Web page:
(WXYZ) — Denied hazard pay while being forced to ration personal protective equipment, frontline health workers at McLaren Hospitals say company executives should sacrifice more than 2% in salary cuts.
Last week, McLaren announced layoffs for up to 20 operating and recovery room nurses and cut back hours for many of its doctors and physicians assistants.
“Two percent? That’s nothing,” said Jeff Morawski, a registered nurse at McLaren and President of OPEIU Local 40. “It’s nothing for someone that’s making millions of dollars.”
Kevin Tompkins, McLaren’s senior vice president for marketing, said the 2% cuts represent one week’s salary and are being made by 850 of McLaren’s top executives.
Morawski says a 24-year career in medicine could not prepare him for the last month of COVID-19. He has seen countless patients die and watched colleagues fall ill. Until recently, McLaren workers infected with the coronavirus had to draw from their own paid time off (PTO) bank.
Last week, McLaren gave in to demands for 80 hours of sick leave.
“They have to take care of the people that are taking care of the patients, or they won’t have a hospital,” Morawski said.
The worst moment from the last month, according to the nurse, was escorting a family whose loved one died from COVID-19 to say goodbye. Morawski gathered together enough personal protection equipment for everyone to wear, helped them secure their masks, then brought them to their loved one’s bedside.
“I’ll never forget walking that family up,” he said. “I don’t ever want to have to do that again. That was horrific.”
According to a 2018 filing with tie IRS, McLaren Healthcare CEO Philip Incarnati was paid just under $7 million.
At least six McLaren executives earn upwards of $1 million.
The unions representing McLaren employees are asking company executives to take bigger cuts, capping all salaries at $1 million and putting the rest towards hazard pay or PPE.
“We did sign up to be nurses, but we didn’t sign up to be nurses without proper protection,” said Thomas Hall, a nurse at McLaren Lapeer. “No one needs more than a million dollars to survive.”
McLaren’s Kevin Tompkins said that the company has formed a Front Line Workers’ Fund, where executives can voluntarily make donations that will support hospital medical workers. But as of this week, no donations had been made.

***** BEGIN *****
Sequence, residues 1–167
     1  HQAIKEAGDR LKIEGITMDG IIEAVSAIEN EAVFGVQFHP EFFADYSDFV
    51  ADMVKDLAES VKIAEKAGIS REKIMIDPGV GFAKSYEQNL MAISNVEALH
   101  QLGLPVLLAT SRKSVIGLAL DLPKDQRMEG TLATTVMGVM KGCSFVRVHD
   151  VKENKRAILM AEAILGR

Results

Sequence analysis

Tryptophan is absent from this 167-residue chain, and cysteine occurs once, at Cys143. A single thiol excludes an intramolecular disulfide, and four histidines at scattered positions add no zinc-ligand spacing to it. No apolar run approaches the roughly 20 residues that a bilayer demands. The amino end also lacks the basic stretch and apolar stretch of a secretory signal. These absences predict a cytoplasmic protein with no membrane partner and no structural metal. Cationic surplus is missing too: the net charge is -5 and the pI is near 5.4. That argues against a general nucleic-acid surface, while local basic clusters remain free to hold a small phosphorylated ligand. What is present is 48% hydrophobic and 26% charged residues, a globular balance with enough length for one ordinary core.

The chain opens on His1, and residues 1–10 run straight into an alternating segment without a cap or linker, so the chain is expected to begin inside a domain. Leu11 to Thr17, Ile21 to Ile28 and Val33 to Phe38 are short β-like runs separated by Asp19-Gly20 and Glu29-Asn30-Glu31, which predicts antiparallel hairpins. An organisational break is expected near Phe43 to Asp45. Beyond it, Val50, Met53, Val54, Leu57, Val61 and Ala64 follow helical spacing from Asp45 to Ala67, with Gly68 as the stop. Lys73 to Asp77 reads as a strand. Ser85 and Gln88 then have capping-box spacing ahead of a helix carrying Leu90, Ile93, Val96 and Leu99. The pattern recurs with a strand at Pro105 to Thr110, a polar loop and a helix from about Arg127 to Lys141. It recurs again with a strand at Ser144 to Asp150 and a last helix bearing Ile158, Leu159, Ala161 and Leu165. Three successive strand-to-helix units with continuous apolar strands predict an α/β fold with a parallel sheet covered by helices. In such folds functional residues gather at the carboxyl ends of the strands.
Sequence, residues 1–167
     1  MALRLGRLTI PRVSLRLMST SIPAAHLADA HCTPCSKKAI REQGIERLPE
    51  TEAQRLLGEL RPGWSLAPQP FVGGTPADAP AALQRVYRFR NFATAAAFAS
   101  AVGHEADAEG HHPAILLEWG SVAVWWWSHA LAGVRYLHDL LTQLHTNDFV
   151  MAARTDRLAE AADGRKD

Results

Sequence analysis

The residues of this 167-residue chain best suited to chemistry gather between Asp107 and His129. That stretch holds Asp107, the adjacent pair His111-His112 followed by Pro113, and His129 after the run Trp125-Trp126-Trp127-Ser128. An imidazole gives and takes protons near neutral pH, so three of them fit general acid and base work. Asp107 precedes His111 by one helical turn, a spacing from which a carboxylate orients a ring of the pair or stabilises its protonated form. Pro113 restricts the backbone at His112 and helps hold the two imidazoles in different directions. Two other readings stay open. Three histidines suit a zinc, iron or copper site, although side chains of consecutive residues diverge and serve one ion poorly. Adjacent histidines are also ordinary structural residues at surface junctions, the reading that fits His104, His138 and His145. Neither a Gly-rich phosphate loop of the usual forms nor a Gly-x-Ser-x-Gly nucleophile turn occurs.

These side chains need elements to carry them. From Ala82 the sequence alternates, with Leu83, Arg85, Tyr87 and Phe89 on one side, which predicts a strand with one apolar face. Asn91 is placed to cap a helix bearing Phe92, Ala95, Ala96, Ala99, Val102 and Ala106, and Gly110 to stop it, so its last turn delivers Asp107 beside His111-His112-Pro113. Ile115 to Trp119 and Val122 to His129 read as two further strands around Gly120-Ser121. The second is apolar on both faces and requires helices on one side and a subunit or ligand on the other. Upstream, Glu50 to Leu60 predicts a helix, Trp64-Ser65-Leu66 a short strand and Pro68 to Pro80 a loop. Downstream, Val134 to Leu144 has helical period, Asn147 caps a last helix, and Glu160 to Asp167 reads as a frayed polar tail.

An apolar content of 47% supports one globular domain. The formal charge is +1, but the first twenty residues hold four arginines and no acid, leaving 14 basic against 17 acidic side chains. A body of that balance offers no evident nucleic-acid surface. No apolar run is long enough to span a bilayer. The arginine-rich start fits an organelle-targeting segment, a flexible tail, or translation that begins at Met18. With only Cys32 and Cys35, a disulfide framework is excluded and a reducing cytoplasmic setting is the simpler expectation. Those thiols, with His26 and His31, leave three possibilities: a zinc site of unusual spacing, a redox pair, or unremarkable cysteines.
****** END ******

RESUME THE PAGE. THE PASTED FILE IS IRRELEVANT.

“I anticipate that we are going to have significant contributions,” Tompkins said.
McLaren provided the following statement:
McLaren Health Care supports all of its employees, especially those on the frontline of this crisis, by providing additional PTO and time off benefits from McLaren, as well as access to state and federal benefits, during the state of emergency. McLaren is historically a fiscally responsible organization that has taken proactive steps both prior to and during this crisis to ensure that our employees have job security, even in times of uncertainty such as this. Our staff has stepped up to do what is needed of them from our community and we are committed to taking care of them. Although we have taken measures of limited furloughs and leadership reductions in pay, we have been able to minimize the long-term negative impacts to our employees and have not laid off needed frontline healthcare workers. Some organizations are forced to make long-term financial decisions based on their own challenges. Providing added benefits or making job cuts in a time of crisis can have long term consequences. McLaren is cautious as we make the necessary temporary changes to weather this storm financially. Our goal is to prevent permanent layoffs or reductions and return to normal levels of patient care and staffing over the next several months.
Contact 7 Investigator Ross Jones at firstname.lastname@example.org or at (248) 827-9466.